The commentaries, reflections, and links in the various entries posted and to be added offer context to the poems but are also cast to be of interest to those exploring American music of the 1950s and 1960s without having read the poems.
- Guitar or Piano, That is the Question (1955): “Please, God”
- Chuck Berry: “My Ding-a-Ling (Chuck Berry at The Roadhouse)”
- Elvis Presley: “Drugstore Malteds”
- Janis Joplin: “Janis Joplin Plays the Fraternity Brothers (The Armory, Cornell, May 3, 1969)”
- Michael Bloomfield (guest post, Little Patuxent Review blog)
- The Summer of Love aka The Name Game
For “Ticket’s, Please,” the introduction to Ticket Stubs, click here. For the WGLT Sound Ideas interview with Laura Kennedy, click here. For the blurbs, scroll on down. And to show your inner jukebox some love and order a copy.
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Blurbs for Ticket Stubs & Liner Notes:
If you grew up with the music of the 1950’s and 1960’s, Ticket Stubs and Liner Notes is for you. But even if you’re a grandchild—or great grandchild—of the iconic Chuck Berry, whom Tim Hunt describes as “that master of ironic innocence and innuendo,” then Hunt’s rockin’ collection is for you too. For the poems in this collection are not just about music; they create it as well as any words on a page ever could. Reading this mesmerizing book, we’re ready to “kneel / and light the guitar” to listen to “shovel and coal, debt, the Company Store / and another day. The actual world.” There’s a world in these poems that never drag, are never out of sync so that we’re no longer “alone in our darkened rooms.” When “the pick is / a hummingbird’s wing,” “the moon hitches / its overalls and eases down into its chair / on some porch behind that hill, leaving / only the dark ridge and spray of stars.” Read this book and you’ll be sprayed with stars.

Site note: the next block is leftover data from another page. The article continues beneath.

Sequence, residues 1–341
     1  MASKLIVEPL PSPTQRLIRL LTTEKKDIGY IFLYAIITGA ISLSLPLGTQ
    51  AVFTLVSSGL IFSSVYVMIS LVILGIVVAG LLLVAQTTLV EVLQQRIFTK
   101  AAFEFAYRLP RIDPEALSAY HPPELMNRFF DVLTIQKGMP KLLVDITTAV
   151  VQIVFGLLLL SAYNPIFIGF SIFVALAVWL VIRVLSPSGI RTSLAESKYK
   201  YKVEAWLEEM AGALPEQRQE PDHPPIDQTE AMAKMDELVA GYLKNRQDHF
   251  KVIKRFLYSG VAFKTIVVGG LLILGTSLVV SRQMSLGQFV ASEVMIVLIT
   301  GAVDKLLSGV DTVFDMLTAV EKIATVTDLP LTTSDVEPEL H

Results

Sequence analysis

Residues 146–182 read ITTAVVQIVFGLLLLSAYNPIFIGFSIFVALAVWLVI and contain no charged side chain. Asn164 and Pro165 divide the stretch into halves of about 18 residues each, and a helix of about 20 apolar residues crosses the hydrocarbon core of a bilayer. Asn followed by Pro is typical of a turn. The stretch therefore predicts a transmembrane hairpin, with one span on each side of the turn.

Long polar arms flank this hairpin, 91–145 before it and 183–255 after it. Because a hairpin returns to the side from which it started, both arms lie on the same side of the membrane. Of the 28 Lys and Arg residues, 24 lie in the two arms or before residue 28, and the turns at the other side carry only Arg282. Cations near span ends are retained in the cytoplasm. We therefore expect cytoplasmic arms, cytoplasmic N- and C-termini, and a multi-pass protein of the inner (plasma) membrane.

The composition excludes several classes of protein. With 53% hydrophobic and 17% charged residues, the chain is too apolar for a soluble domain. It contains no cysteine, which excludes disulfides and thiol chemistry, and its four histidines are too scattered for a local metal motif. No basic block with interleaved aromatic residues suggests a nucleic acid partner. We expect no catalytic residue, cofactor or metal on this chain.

— Wendy Barker, author of One Blackbird at a Time
When I hear Van Morrison say he’s going down the old mine with a transistor radio in “Brown-Eyed Girl,” I always wonder if young folks are going to know what he’s talking about. They would if they read this marvelous book. In the pleasure it offers and the knowledge it imparts, Ticket Stubs & Liner Notes provides more than a soundtrack to the dawn of the present day—it also supplies a vocabulary essential to our understanding.
— David Kirby, author of Get Up, Please
In writing about the Golden Age of Rock and Roll in Ticket Stubs & Liner Notes, Tim Hunt combines reverent allegiance with badass swagger. The guitar gods and gargoyles, heroes, heroines, hippies, and musical rascals that make up his pantheon find a shrewd acolyte in Hunt. In poem after poem, with a keen eye and perfect pitch, Hunt recreates an American soundtrack that turns our mythical exceptionalism on its head, while offering in its place, a vision that aligns with Whitman’s freedom with Wolfman Jack’s. It is the record of musical devotion that sought salvation, from civil unrest, unjust wars, criminal leaders, and rampant capitalism, not to mention our own mealy conformism. In this he joins the ranks of such poets as Dorianne Laux, Mark Halliday, David Kirby, and Michael Waters, bards of rock whose own songs explore, through the apotheosis of musical rebels, the longing of our demotic souls.
— David Rigsbee, author of This Much I Can Tell You